IT’S a tiny museum above a fire station but it holds a gigantic amount of stories, memories and artefacts documenting a town’s history.
Patrons and volunteers have been celebrating 25 years of Emsworth Museum.
The Emsworth Maritime and Historical Trust’s president Dr Margaret Rule was the guest of honour at the event in the museum on North Street.
She said: ‘I’ve been involved for more than 20 years. Over the years I’ve tried to help in any way I could. They are such a wonderful band of volunteers, collecting artefacts from the town’s past.
‘I recommend that anyone who moves to the area comes to this museum and they will understand about the people they are going to live among – the fishermen, the boatbuilders.
‘They can understand what makes their town tick when they come here.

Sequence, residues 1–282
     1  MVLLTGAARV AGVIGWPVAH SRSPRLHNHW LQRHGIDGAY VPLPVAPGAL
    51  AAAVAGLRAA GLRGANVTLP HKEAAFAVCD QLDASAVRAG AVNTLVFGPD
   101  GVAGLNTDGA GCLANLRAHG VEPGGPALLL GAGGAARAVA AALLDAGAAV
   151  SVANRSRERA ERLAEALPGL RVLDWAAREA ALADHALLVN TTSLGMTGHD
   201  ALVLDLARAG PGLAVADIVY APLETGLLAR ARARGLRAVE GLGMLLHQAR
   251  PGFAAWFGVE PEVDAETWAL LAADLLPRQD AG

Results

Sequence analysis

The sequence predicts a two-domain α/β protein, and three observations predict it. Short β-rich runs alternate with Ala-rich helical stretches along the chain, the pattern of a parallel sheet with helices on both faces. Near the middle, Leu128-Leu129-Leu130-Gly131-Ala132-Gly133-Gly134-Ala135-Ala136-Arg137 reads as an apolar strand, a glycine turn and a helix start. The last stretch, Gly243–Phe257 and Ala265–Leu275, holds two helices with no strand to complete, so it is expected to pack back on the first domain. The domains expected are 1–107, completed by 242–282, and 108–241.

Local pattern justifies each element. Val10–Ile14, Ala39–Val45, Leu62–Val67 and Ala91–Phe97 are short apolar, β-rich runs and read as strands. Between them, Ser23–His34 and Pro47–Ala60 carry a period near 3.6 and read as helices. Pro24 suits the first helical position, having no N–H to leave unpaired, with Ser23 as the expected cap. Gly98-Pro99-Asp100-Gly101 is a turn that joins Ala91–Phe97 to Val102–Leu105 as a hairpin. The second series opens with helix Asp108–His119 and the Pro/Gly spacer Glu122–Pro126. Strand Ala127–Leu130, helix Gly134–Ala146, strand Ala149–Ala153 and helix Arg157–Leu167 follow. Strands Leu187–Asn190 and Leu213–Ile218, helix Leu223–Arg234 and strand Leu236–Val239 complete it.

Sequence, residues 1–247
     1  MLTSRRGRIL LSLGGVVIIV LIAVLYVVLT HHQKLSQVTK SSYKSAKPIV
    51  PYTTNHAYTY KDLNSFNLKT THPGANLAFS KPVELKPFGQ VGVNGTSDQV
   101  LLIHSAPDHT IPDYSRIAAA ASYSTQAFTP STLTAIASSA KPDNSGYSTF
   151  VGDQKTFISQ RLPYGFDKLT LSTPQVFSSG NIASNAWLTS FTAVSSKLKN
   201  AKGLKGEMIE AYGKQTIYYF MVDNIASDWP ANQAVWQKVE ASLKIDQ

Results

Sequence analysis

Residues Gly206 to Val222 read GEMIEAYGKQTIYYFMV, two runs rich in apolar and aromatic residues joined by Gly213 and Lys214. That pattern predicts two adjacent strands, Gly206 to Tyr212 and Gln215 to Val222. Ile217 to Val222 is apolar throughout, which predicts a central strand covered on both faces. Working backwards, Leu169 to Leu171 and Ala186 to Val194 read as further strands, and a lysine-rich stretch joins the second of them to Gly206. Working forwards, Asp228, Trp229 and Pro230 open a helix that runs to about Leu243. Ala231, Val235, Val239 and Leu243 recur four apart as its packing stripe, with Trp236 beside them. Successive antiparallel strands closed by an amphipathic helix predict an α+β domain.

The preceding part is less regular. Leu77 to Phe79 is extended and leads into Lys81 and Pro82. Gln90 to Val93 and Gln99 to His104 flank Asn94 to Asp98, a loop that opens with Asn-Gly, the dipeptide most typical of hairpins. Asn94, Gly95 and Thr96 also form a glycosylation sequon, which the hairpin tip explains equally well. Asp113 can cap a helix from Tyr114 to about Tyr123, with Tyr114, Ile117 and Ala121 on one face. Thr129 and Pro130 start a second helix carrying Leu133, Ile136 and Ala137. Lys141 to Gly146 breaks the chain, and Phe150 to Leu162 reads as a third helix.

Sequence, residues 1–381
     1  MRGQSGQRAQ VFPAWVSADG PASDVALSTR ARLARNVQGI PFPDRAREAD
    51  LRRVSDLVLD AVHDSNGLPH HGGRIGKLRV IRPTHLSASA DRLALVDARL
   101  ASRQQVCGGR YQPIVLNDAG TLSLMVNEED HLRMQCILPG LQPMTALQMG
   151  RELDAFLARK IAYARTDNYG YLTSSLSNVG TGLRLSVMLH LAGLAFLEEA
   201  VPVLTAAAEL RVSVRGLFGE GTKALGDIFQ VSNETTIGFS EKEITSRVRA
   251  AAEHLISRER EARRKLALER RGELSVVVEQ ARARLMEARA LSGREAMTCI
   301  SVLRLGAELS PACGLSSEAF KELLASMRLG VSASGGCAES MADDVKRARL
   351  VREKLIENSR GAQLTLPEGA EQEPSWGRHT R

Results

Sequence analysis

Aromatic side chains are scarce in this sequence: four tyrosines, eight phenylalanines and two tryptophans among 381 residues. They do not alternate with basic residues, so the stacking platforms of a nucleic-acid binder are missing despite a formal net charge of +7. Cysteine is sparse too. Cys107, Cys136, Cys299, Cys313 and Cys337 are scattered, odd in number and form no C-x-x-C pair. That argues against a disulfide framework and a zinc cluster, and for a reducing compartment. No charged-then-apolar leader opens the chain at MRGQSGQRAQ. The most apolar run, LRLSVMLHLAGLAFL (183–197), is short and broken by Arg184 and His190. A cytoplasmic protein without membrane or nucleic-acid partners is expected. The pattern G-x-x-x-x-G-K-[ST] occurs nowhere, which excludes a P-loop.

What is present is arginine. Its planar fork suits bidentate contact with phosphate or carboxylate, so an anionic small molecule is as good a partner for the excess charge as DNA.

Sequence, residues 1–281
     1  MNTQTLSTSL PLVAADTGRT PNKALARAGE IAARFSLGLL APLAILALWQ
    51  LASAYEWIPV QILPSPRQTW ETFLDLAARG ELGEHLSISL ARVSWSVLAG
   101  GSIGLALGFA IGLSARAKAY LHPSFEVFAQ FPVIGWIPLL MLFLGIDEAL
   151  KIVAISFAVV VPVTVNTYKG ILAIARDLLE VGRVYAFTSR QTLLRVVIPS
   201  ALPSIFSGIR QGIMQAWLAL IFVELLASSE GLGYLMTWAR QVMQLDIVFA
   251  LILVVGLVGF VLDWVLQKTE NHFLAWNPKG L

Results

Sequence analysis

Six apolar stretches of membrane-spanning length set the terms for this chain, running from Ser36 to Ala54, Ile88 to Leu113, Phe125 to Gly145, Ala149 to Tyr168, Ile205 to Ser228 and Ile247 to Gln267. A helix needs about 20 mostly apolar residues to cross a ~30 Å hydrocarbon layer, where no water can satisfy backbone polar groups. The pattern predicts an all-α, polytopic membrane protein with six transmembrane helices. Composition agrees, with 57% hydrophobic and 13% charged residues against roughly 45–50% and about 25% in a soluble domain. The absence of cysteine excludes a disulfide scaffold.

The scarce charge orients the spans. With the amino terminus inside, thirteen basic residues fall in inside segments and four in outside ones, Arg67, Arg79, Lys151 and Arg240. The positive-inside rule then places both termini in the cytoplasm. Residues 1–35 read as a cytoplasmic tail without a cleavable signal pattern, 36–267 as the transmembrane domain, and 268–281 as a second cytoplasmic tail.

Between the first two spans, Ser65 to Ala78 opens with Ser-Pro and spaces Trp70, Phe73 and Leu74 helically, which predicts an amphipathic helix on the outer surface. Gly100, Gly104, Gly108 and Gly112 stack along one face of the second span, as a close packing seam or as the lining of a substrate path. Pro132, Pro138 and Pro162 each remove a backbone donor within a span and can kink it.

‘It’s full of information about how people lived not so long ago. If they care about their past, and most people do, this is the place to come.’
The trust has a membership of more than 500 with 100 people offering their time and skills to the museum.
Cathy Rudkin’s father David was the man who started it all.
Born in Bosham, he was originally a carpenter and became a Pentecostal minister.
Although he moved away he always loved Emsworth and eventually moved back. He died 13 years ago.
Ms Rudkin said: ‘He had a dream that one day Emsworth must have a place to save the town’s artefacts and photographers, a place people could remember the history of industry – the sail making, rope making, ship building.
‘A place where young people can look back on Emsworth’s glorious past.
‘It was a dream come true for him to have somewhere to keep all the things together.’
There are regularly changing exhibitions. The current one is on the museum’s history itself.
Raffle tickets can be bought from the museum to fund the £3,000 redevelopment of the main room.
There will be a fundraising dinner at the Brookfield Hotel in October.
The museum is open Friday, Saturday and Sunday through August.